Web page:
[Ace-users] Re: [ciao-users] possibilities to observe a running component application

Jonathan Walsh jwalsh at atl.lmco.com
Mon Jul 23 08:04:13 CDT 2007

William R. Otte wrote:
> Hi Friedhelm -
> On Jul 20, 2007, at 9:17 AM, Friedhelm Wolf wrote:
>> Hi there,
>> the people I am working with are very interested in using CIAO and DAnCE
>> in a large scale project.
>> One question came up recently: Are there any standard ways to monitor
>> running CIAO applications?
>> This might include a list of all components of a deployment, their
>> current
>> status and their interconnections as well as the nodes they are
>> running on.
>> Is there something available or planned in the DAnCE project or
>> related work?
>> If not, do you think it is worth to think further into this direction,
>> for it might have a lot of benefits for handling complex component based
>> applications.
> We did something similar to this in cooperation with LMCO ATL a year
> or two ago for a demo on a DARPA project.  ATC developed a "web input
> adapter" for RACE (Resource Allocation and Control Framework) that
> allows you to deploy, teardown, and view deployed applications - where
> they are deployed, what their connections are, (i believe) status of
> the nodes, and allows you to monitor performance related things - ie,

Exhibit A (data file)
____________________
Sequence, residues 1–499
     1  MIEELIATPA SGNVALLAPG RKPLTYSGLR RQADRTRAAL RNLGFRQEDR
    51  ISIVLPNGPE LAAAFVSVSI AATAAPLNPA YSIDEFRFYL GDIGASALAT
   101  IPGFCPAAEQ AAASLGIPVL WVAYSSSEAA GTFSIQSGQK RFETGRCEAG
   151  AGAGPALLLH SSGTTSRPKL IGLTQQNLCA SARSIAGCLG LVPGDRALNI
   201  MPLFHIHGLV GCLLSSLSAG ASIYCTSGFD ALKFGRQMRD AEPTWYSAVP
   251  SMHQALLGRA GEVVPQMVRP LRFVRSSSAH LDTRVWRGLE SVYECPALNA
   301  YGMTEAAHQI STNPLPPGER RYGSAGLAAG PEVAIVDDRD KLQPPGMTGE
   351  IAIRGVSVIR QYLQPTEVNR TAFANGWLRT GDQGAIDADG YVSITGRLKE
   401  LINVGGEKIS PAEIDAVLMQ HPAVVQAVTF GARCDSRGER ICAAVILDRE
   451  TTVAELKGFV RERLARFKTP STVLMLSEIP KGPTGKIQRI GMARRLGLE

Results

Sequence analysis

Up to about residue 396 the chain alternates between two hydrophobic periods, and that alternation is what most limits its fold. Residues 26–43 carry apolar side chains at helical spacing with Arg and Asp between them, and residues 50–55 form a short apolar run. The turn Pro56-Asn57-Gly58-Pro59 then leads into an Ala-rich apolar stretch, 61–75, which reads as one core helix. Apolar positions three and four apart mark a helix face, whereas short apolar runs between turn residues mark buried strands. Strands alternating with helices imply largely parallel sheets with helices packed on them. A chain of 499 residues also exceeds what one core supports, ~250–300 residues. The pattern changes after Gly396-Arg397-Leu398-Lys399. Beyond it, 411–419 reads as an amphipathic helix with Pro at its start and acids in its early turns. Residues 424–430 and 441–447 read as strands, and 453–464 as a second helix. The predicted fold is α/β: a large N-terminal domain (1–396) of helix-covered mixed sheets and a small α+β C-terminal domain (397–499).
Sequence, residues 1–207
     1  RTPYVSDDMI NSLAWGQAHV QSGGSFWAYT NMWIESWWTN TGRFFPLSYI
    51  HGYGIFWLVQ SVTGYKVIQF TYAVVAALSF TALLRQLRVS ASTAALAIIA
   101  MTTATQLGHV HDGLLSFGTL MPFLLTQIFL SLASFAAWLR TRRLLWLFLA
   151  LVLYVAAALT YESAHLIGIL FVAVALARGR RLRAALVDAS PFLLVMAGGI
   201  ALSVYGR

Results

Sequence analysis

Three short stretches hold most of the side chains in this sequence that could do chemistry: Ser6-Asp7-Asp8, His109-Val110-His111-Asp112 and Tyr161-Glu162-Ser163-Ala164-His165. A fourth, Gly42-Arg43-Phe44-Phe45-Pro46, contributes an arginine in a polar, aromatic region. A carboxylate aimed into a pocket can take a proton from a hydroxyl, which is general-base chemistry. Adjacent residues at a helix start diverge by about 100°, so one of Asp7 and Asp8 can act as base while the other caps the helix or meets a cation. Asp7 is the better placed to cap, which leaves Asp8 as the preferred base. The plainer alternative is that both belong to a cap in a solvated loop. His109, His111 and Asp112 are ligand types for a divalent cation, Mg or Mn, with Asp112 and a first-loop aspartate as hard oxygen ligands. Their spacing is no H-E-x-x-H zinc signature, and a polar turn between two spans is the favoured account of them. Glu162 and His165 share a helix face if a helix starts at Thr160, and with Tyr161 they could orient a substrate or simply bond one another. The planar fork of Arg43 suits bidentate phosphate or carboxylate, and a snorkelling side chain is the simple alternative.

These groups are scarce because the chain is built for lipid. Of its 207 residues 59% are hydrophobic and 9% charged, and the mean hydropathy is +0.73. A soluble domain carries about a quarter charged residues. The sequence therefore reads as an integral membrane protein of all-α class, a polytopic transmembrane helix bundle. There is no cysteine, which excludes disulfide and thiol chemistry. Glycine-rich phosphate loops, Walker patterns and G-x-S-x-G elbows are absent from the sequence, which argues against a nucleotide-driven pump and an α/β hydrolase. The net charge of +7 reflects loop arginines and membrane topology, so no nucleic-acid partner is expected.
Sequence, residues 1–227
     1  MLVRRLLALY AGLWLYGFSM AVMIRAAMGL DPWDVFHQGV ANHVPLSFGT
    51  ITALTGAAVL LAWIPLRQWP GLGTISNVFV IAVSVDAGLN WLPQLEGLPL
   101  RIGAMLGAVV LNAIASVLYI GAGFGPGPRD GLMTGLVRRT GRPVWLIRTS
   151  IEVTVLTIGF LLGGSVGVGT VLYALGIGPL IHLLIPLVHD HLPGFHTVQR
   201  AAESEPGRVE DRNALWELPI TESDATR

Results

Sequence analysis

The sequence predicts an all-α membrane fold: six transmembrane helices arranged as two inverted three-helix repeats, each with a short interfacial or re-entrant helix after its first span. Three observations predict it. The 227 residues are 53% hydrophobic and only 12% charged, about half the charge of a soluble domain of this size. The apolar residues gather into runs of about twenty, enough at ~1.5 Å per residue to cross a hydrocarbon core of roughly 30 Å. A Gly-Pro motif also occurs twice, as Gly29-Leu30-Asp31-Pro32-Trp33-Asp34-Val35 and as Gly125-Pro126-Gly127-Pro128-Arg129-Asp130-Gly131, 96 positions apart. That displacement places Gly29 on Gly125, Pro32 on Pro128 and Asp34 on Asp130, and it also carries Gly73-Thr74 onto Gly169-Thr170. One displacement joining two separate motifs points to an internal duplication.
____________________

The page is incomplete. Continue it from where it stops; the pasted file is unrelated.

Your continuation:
> whether or not they are meeting their end-to-end deadlines.
> This work could almost certainly be adapted for your use case - you
> should talk to Nishanth Shankaran (CCd above) who is the current lead
> on that project .  He is currently on an internship in India, so you
> may have a long turnaround on your emails :-)
> hth,
> /-Will

It seems longer than a year since I wrote this, but I'll try to remember
the basics of it (I don't think I have the code still, but I'll look
around a bit later).  The deployment, teardown, viewing of plans was
accomplished by a small c++ program that, if I remember correctly,
called functions on a Plan_Deployment object.  I recall the functions
having obvious names like deploy_plan(), teardown_plan(), and
get_deployed_plans().  The code for using each of these was very short,
less than 5 lines each.  Determining where apps were deployed and the
connections between them was done by some Python and Xalan parsing of
the deployment plans.  All of this was driven by a Python CGI program
(running on JAWS of course!).

The status of the nodes was determined by a separate C program.

-Jonathan Walsh
Associate Member Engineering Staff
Lockheed Martin Advanced Technology Laboratories

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